12 Warning Signs Your House Wiring is Failing
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Posted January 14, 2022
Each year there are an estimated 51,000 electrical fires in the US alone. Costing up to $1.3 billion and causing over 500 annual deaths they post a huge risk to your family and your wallet. You must be keeping an eye on your electrical systems and wiring. But if you’re not an electrician it can be hard to spot the signs that something is wrong. You might not even know where to start looking.
Don’t worry, we’re here to help! Keep reading for these top 10 signs that your house wiring is failing.
Electrical Fires: Odorless, Invisible and Lethal
Faulty electrical wiring starts to overheat, doing little more than smoldering at the start. It can take up to a year before it will ignite. There aren’t any warning signs that an electrical fire is about to break out either, so it can happen at random. Once it gets going, it’s also one of the hardest fires to put out.
It’s one of the worst types of fire in any home, and you run the risk of it engulfing your house. If you’re lucky to get your family out, it could take down your entire home and all that’s inside it.
Electrical Wiring Safety Myths
Before we jump into what you should look for in your home’s wiring, let’s look at some safety myths. This will give you a better understanding of what you’re up against, so you can better protect your home.
Circuit Breakers & Fuses
Your circuit breaker and fuses protect the electrical circuit and wiring. They don’t protect the circuit itself, or any of the outlets or appliances they connect to.
It’s easy to get mistaken here, even some electricians didn’t know the true role of breakers and fuses. What it means is that if there is a high enough current to cause damage, the fuse or breaker spots it. Then they open the circuit to direct it.
But, when currents get too high, it will damage the wiring insulation and overheat. This poses a risk to the appliances connected to the circuit. In some cases, flammable materials near the wiring can ignite and catch fire.
Instead of relying on breakers and fuses, make sure you have the right size wiring for the appliance. You also want to make sure that appliances have separate circuits to cause less strain. You should never overload your outlets.
It’s Safe to Use Extension Cords
Most people know that different extension cords have different capacities and ratings. But very few heed those capacities and ratings. It’s often the case where their cords don’t match their appliances.
Common uses for extension cords include:
- Powering computers
- Running HVAC and air conditioning units
- Powering space heaters
Your extension cord must be able to handle the load that will flow through it. It must be up to the task of powering that specific device (and the number too). If not, it will start to heat up which compromises the safety of the circuit. It puts you at risk of overheating, starting an electrical fire.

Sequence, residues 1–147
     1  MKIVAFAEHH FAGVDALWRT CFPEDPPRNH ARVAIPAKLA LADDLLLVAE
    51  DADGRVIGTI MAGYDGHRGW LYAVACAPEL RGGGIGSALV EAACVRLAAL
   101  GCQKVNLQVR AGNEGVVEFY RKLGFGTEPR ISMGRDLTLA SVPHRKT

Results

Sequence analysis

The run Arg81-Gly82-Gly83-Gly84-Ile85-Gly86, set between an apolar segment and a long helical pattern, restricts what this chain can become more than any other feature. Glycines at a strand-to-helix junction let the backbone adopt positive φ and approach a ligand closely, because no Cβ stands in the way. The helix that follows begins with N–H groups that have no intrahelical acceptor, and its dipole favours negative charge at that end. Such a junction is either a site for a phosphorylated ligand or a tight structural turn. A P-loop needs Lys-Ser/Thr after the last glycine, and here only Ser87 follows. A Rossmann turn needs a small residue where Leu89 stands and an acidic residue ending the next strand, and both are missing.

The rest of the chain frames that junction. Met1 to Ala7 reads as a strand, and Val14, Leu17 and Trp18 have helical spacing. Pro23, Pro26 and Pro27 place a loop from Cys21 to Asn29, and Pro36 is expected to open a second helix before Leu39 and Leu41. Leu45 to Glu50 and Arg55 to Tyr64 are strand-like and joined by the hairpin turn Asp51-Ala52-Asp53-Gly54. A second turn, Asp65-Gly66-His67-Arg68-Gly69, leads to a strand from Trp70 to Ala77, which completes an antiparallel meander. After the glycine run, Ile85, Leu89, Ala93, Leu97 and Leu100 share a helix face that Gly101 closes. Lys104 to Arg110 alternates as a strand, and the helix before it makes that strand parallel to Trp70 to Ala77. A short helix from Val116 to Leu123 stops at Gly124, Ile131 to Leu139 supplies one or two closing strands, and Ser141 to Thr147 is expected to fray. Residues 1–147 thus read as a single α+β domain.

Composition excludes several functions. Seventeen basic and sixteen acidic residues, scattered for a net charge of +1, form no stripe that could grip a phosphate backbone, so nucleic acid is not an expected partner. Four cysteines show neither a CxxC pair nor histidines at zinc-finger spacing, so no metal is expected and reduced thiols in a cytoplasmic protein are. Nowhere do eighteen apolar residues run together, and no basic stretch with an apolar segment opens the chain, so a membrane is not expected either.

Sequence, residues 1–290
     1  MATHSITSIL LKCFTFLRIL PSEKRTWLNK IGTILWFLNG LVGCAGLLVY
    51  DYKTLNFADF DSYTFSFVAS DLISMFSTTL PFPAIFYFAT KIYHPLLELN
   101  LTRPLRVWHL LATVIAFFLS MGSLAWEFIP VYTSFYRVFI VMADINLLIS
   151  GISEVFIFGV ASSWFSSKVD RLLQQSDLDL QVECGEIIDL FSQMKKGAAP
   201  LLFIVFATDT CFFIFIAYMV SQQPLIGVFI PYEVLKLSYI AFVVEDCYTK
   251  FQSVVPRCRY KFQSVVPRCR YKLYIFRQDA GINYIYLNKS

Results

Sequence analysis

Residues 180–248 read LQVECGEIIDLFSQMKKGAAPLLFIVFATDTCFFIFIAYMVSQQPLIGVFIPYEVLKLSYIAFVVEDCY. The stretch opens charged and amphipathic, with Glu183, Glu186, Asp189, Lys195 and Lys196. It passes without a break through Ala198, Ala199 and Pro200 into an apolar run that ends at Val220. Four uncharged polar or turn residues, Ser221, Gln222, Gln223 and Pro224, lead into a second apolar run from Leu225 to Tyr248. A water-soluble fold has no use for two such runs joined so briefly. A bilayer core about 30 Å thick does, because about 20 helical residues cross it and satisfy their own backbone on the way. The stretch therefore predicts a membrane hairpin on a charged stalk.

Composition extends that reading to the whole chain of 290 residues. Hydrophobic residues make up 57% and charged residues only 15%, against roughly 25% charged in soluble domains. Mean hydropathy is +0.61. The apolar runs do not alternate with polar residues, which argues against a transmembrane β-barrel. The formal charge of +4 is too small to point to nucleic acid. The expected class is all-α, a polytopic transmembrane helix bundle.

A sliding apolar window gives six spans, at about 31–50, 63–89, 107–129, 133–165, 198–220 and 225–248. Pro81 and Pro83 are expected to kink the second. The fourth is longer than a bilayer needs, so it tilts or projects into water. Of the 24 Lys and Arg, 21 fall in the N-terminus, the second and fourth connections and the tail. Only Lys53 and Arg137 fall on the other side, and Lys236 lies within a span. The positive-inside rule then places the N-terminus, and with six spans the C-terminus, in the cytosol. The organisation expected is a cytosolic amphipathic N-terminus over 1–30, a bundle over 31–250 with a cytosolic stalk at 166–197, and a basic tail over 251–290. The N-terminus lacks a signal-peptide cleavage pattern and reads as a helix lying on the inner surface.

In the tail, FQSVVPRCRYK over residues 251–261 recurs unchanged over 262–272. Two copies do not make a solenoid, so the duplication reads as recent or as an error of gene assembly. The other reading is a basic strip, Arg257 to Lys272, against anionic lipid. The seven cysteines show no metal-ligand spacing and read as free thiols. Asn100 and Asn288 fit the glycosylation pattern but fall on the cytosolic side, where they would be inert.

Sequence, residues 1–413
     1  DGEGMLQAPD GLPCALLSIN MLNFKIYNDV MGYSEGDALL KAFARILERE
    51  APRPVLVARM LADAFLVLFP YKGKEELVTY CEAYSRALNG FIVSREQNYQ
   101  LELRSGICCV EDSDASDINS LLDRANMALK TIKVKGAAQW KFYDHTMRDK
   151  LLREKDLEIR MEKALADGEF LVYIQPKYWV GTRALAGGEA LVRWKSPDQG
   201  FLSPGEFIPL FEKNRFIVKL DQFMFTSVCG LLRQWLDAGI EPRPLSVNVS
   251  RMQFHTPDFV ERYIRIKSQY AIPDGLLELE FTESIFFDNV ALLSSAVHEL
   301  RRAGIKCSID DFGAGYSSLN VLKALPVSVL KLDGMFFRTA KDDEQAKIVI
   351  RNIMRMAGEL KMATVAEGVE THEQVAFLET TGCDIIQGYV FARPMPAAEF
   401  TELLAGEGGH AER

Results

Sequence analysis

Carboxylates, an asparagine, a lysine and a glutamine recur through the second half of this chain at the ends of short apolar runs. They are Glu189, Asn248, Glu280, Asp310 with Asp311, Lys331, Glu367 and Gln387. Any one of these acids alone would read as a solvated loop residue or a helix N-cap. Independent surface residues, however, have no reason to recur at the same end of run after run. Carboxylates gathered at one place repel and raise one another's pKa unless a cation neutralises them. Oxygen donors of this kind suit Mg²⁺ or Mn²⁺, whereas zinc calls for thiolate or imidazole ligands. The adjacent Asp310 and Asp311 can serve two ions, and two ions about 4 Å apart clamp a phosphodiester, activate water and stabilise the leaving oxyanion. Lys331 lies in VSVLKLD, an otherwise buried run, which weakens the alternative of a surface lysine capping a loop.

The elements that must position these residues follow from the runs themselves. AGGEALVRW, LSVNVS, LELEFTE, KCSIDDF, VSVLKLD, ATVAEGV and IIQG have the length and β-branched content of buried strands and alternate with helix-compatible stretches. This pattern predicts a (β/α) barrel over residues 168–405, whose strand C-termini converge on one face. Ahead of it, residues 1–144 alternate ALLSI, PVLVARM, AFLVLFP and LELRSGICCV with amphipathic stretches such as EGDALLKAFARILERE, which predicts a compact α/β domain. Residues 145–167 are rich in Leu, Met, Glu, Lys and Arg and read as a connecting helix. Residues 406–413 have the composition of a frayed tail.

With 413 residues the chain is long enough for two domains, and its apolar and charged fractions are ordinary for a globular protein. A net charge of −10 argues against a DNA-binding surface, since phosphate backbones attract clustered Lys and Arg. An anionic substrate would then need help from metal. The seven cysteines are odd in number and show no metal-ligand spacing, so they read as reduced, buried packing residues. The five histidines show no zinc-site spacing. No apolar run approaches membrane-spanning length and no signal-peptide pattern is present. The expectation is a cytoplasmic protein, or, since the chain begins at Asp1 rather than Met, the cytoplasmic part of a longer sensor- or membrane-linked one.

One habit that is a danger is running the extension cords under rugs and furniture. This will trap the heat rather than let it escape into the air. Another awful habit is overloading the extension cords. Or plugging another cord into the first one.
Old Homes Need Electrical Upgrades
When new homes get built, there are strict building codes to follow. The wiring must have a licensed, professional electrician install and inspect it. This is one of the ways that guarantee a safe electrical system in your home.
The wiring in a home from the 1900s should not be considered safe. In reality, with technology advancing so fast, most homes don’t keep their original wiring. From computers to HVAC to microwaves, even a toaster might need an electrician to install.
A big problem from the 70s was the use of aluminum wiring. We’ll look into it in more detail in the next section, but it expands and contracts as it heats and cools. Connections become loose, causing a huge danger of electrical fires.
Signs That Your House Wiring is About to Fail
Now you know what an electrical fire is and debunked some electrical wiring myths. Let’s move on to these top signs that your house electrical wiring is in trouble.
1. You Use Too Many Extension Cords
It isn’t only because the wiring isn’t nice to look at that it’s hidden behind the walls of your home. As we discussed above, if left alone then a good wiring system can last forever. It’s when it’s fiddled with and disturbed that trouble can occur.
By using extension cords, you’re adding points where cords can:
- Get pinched
- Short out
If this happens, it can damage the outlets, trip the breaker or even cause a fire. If you need to use extension cords, don’t use too many. Don’t use them all the time either, only use them when you actually need them. If you’re struggling with outlets, the best option is to call an electrician and get them to install more.
2. Lights That Dim or Flicker
Light fixtures should only use a small amount of power. If you’re getting dimming or flickering lights, it’s rarely because of the fixture. Instead, it could be because other more power-hungry appliances use the same circuit. It could be damaged electrical components in the panel, and/or the circuit itself.
Appliances that heat up and cool down (HVAC, washing machine, etc.) often drain a lot of power. It could be that appliances are drawing more power than the circuit can handle. You’ll need to call an electrician in to take a look.
If needed, they’ll move the lights onto a different circuit. Or they’ll install dedicated lines for the big power appliances. Don’t move lights onto different circuits yourself if you don’t know what you’re doing.
3. Weird Smells
The first time you use a new appliance it can give off a strange smell so that’s normal. What isn’t normal is a smell coming from your outlets. If you notice this, turn it off and take out any plugs that connect to the outlet.